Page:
The Pythagorean Theorem states that the sum of the squares of the lengths of the two legs of a right triangle is equal to the square of the length of the hypotenuse. Math teachers are of course very familiar with the student chorus of, "Why do we need to know this?" and, "When will we ever use this in real life?" However, every math teacher also knows the answer to these perennial questions. The fact is the Pythagorean Theorem is used in a variety of jobs and careers that are rewarding and pay quite well.
Jobs in Management
Many positions that fall under the umbrella term of management use the Pythagorean Theorem regularly. Computer and information systems managers, construction managers, and engineering and natural sciences managers all need this age-old formula in the day-to-day business of their respective fields. Whether they need to determine the length of a support beam on a job site or direct research in a laboratory setting, this math is indispensable.
Agriculturists Use Math
Agriculturists, such as farmers, gardeners and environmentalists all need this mathematical formula. In a job where precise lines need to be drawn and measured to determine growing spaces and yearly yield a tool like the Pythagorean theorem is vital. whether they work in an advisory position such as inspectors, or work more directly with food crops, animals, trees and plants, agriculturists need math.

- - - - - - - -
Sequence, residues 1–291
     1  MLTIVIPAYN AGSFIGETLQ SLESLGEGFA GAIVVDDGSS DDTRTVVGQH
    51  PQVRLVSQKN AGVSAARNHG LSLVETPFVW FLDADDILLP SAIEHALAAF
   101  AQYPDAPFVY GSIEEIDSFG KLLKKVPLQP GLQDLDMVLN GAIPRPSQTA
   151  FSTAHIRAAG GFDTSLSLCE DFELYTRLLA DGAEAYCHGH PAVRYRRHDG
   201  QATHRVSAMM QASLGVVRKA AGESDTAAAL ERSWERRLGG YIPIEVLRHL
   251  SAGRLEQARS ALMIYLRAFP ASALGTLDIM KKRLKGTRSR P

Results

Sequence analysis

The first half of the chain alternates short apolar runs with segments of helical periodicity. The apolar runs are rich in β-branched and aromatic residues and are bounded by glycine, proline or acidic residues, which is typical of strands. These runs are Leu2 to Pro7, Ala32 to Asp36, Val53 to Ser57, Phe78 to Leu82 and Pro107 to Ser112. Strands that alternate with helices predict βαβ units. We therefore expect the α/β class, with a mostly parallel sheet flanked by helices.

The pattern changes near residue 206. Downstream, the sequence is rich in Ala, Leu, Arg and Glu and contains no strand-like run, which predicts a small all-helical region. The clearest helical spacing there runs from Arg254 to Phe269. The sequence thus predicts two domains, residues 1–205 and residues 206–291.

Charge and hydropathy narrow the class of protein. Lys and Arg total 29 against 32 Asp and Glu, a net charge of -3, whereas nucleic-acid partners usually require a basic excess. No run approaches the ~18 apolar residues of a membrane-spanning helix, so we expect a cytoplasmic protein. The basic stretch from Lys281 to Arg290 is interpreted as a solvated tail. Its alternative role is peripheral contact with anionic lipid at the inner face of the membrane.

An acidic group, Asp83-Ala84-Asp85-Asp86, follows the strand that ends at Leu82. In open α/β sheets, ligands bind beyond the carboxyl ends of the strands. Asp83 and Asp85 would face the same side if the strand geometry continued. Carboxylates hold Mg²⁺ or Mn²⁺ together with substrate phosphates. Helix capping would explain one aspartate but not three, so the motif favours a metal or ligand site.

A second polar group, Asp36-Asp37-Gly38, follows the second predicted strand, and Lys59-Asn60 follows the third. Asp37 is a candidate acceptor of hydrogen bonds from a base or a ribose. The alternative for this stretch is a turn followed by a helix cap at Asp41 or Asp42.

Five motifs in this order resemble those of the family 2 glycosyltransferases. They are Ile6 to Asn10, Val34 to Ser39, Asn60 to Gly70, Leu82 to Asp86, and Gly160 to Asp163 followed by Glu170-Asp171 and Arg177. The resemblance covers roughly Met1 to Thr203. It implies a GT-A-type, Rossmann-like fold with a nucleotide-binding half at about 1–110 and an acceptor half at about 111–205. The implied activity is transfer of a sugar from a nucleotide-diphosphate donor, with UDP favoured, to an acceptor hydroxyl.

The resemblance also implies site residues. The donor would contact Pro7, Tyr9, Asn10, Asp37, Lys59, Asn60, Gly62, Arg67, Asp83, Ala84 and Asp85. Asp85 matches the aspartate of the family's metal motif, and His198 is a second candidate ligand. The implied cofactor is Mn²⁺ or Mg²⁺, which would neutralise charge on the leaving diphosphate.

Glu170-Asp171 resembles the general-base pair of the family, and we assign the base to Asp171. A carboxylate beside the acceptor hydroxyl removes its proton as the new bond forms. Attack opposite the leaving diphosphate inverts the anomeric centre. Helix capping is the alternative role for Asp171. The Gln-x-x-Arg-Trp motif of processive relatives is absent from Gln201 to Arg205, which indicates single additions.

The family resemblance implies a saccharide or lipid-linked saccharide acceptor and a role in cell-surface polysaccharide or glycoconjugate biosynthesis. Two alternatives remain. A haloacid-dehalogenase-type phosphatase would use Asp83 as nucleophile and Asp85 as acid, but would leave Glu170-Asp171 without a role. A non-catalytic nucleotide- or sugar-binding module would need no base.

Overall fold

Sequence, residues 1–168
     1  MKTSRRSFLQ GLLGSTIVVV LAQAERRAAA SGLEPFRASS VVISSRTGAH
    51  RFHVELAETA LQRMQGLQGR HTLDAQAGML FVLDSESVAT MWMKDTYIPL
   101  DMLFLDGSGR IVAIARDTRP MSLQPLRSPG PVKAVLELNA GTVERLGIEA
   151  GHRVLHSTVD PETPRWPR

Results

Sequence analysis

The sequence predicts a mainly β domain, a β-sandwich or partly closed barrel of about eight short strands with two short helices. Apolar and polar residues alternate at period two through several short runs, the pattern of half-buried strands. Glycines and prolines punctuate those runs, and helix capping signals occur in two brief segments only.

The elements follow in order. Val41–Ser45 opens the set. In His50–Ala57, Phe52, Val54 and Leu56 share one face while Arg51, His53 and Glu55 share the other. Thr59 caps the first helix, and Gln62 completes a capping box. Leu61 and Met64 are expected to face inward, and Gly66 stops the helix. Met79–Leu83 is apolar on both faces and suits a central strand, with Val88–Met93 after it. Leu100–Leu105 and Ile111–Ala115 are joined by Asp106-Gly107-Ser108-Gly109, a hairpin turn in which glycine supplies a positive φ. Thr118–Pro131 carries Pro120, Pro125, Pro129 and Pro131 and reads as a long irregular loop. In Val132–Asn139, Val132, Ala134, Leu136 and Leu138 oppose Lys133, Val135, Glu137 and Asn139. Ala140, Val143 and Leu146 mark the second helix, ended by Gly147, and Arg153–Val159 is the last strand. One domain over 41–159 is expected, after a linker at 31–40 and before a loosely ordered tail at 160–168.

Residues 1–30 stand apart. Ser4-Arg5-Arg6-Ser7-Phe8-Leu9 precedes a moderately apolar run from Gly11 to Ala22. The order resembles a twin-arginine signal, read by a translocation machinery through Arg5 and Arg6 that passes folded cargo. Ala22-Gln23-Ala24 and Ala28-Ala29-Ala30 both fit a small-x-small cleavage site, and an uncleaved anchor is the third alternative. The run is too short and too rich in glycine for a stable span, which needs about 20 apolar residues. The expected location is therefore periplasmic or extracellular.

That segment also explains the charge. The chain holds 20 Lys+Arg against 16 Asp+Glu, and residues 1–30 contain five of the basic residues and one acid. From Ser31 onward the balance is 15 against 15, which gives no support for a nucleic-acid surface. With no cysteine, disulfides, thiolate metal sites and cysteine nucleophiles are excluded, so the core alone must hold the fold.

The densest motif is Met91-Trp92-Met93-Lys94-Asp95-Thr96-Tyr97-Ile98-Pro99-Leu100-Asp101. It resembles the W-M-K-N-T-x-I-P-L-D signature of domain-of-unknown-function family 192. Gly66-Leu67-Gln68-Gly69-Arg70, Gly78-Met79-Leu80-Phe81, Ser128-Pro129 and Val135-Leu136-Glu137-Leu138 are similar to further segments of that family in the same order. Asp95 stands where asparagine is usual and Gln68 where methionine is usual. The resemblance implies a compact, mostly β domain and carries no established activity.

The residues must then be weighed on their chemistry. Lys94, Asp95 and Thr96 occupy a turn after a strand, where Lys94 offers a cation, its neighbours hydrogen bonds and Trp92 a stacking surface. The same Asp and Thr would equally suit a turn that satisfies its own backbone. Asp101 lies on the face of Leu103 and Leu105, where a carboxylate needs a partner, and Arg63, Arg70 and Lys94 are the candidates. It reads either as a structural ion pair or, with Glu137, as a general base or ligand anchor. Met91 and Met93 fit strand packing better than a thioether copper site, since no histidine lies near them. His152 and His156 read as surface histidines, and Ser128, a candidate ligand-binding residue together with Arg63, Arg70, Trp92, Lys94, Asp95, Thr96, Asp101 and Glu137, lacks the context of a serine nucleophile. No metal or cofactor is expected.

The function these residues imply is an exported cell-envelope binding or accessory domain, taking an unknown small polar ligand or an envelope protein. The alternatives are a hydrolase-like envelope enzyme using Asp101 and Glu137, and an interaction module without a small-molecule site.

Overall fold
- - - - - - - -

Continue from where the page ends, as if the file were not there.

Surveyors and Cartographers
This area is probably the most obvious in its need for mathematical tools to determine length and distance. Surveyors measure and map properties, setting official land, air, and water boundaries for home owners, business and the government. Being able to quickly and easily measure a line makes this job, which on the whole can be fairly difficult, a little bit easier.
Production Workers and the Pythagorean Theorem
This field is very diverse, encompassing everything from machinists and welders to foundry workers. Even here the concept of the sum of the squares of the lengths of the two legs of a right triangle being equal to the square of the length of the hypotenuse can be useful. For instance, when creating specialized items for a company that produces tractor parts, the ability to measure across both long and short distances makes the process that much easier.